2 Peter and Jude
2 Peter and Jude

2 Peter and Jude

in Word Biblical Commentary

by Richard J. Bauckham

4.93 Rank Score: 8.27 from 19 reviews, 12 featured collections, and 32 user libraries
Pages 388
Publisher Thomas Nelson
Published 1/1/1983
ISBN-13 9780849902499


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Bauckham’s classic work pays careful attention to both the Greek text and the larger Greco-Roman and Jewish worlds in which the letters were written. He considers relevant literature exhaustively and is especially strong on parallels in Second Temple Judaism’s texts. Though Bauckham asserts that 2 Peter depends on Jude and is pseudonymous, academic readers shouldn’t miss Bauckham’s balanced commentary. [Full Review]
G Ware G Ware February 15, 2018
The best option on a pair of texts which get less attention. Bauckham's expertise in Jewish and Christian apocalyptic and eschatalogical texts makes him the best person I can think of to write this commentary. Even after 35 years, it's still the best.
Robert M. Bowman Jr. Robert M. Bowman Jr. December 10, 2016
One of the most often-cited commentaries on the epistles, and justly so; worthy of being on this list although it is now somewhat dated. [Full Review]
Tim Challies Tim Challies December 16, 2013
While Bauckham’s commentary is not quite the consensus favorite, it is unanimously held up as a brilliant and helpful treatment. Yet every commentator on the commentaries critiques it for one small but important eccentricity: Bauckham does not believe that Peter wrote 2 Peter! That detail aside, the experts all agree this commentary is a must-read for the pastor and scholar. D.A. Carson says, “[T]his point should not put anyone off using what has been and will be the standard in the field for decades to come.” [Full Review]
Phillip J. Long Phillip J. Long August 7, 2012
This commentary is the most important contribution on these two letters in modern times. All commentaries after Bauckham will need to deal with his understanding of the letters. The introductions to the letters are perhaps more important that the commentary sections. Bauckham treats Jude first because he dates the book very early, no later that A.D. 50. He does not see any evidence of “Paulinism” nor the “early catholicism” found in later letters. Jude is the brother of Jesus and the letter reflects an apocalyptic Palestinian Judaism. Whether this is really Jesus’ brother or someone writing in his name is an open question for Bauckham, but he thinks that all the evidence is “consistent with authorship by Jude the brother of Jesus” (16). Second Peter, on the other hand, Bauckham thinks is a pseudonymous example of the literary genre testament. Like the Testament of the Twelve Patriarchs, 2 Peter was written using the character Peter in order to give a moral exhortation to a new generation of believers. He argues that the original audience would have understood this as a common literary convention. The readers (living at the end of the first century) would have expected the writer to do an accurate job of reporting “the essence of Peter’s teaching” but they would not have expected that Peter wrote the letter himself (134). Bauckham is an expert in the literature of the Second Temple Period and he uses this literature to interpret these two letters as apocalyptic literature consistent with the literature being produced by Jews in the middle of the first century. His section on 2 Peter’s literary influences is excellent. The commentary proceeds phrase by phrase through the Greek text without transliteration. As expected, the commentary interested in the various allusions to the Hebrew Bible or other literature. This makes for a challenging read, but ultimately rewarding to the diligent student. [Full Review]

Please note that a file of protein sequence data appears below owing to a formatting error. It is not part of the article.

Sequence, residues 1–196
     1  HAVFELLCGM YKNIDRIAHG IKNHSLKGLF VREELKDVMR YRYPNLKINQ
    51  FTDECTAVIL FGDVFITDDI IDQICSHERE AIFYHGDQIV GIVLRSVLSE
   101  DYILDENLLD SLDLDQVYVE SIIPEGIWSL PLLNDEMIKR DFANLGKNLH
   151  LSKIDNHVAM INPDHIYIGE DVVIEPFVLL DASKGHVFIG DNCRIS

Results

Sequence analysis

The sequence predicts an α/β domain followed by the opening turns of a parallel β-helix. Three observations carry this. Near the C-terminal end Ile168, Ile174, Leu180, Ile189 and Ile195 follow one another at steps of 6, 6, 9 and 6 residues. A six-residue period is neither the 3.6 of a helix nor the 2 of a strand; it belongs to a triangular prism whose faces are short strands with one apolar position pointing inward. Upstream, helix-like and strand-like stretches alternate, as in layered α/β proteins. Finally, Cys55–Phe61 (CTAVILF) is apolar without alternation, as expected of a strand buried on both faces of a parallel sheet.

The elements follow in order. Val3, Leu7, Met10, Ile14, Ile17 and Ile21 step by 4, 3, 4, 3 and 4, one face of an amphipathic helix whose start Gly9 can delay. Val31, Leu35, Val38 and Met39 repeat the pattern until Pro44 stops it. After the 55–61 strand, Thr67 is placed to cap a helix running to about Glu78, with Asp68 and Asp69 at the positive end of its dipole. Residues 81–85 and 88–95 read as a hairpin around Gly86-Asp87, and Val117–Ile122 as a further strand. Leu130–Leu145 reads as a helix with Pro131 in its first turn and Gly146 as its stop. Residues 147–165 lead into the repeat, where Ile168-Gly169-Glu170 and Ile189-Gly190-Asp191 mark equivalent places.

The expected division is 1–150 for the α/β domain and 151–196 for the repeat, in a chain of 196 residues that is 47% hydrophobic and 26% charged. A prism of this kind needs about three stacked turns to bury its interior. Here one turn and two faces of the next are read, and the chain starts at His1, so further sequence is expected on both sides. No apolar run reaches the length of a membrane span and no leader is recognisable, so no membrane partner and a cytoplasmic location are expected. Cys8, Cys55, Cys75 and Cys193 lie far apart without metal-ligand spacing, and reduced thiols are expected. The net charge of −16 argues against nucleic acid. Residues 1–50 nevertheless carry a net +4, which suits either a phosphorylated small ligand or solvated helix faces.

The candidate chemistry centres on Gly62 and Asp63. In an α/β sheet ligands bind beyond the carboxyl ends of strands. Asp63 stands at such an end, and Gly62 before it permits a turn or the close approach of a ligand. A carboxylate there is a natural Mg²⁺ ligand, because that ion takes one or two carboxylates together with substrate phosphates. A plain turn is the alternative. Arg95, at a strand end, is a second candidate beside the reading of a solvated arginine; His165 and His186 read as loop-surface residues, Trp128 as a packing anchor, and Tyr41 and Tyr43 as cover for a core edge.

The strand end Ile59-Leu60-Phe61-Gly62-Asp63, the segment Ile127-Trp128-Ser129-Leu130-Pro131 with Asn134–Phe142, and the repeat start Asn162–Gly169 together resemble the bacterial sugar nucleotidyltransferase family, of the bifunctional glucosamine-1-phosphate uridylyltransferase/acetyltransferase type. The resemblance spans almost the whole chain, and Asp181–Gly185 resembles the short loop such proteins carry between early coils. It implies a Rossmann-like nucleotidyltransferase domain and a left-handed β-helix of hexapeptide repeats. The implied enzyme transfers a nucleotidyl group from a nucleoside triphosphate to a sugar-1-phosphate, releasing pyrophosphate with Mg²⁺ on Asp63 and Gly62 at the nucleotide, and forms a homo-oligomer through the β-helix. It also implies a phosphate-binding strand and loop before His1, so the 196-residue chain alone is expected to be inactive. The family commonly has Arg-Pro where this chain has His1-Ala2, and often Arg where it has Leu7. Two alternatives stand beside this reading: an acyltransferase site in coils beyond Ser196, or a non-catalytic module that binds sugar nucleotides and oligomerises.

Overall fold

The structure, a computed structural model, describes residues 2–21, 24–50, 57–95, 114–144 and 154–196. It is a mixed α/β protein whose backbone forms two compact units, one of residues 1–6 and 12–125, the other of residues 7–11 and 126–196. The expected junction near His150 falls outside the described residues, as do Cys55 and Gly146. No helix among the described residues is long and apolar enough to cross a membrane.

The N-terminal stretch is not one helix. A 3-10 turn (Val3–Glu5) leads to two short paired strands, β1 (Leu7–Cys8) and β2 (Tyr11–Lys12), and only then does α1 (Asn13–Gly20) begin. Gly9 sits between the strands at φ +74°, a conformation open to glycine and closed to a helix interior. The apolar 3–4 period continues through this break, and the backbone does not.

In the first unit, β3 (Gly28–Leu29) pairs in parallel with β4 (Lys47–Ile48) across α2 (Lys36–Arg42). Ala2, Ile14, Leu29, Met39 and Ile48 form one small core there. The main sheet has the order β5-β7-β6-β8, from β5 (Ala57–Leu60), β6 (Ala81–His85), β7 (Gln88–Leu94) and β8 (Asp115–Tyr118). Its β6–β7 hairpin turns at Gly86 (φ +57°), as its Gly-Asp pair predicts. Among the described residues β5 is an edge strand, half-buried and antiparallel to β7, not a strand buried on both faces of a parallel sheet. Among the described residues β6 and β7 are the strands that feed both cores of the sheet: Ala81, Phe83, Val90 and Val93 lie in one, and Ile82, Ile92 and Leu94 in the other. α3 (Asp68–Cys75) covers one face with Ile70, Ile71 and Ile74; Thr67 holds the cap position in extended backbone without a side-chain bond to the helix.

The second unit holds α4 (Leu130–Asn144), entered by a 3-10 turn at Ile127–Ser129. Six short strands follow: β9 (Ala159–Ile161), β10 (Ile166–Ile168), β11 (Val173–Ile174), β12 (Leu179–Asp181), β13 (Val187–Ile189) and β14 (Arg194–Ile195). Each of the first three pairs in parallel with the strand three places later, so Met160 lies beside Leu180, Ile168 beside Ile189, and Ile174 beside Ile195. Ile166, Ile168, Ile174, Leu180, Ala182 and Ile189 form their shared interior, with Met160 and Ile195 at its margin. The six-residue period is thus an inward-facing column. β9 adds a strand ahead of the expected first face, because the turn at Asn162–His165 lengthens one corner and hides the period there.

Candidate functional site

Scot McKnight Scot McKnight December 18, 2009
R Bauckham's commentary on 2 Peter and Jude was ground-breaking in completeness and sensitivity to the Jewish context, drawing these two letters out of worn down theological diatribes and back into original contexts [Full Review]
Marcus Maher Marcus Maher October 20, 2009
Bauckham's commentary is undoubtedly the best commentary for academic work on Jude. In particular, his excursus on Jude's usage of the Testament of Moses was a masterpiece of scholarship, and I found his reconstruction of the general contents of the lost ending of the Testament of Moses to be very convincing. His notes on textual variants were also very helpful (there are a couple of very difficult readings in Jude). The whole commentary was a model of detail and thoroughness. My only complaint is that I wish he had written a little more for the 'Explanation' section of the commentary. 5 stars out of 5. [Full Review]
Many rank Bauckham's work as the best commentary on these two biblical books. Unfortunately (and without sufficient reason) Bauckham concludes that Peter was not the author of 2 Peter. Although most critical scholars would agree with Bauckham on this point, it is a significant mistake that mars a work containing some very helpful insights. For helpful responses to the arguments Bauckham presents, see the commentaries by Green and Davids. [Full Review]
Derek W. H. Thomas Derek W. H. Thomas September 21, 2008
Does not believe Peter wrote it!
John Glynn John Glynn September 20, 2008
Jim Rosscup Jim Rosscup September 20, 2008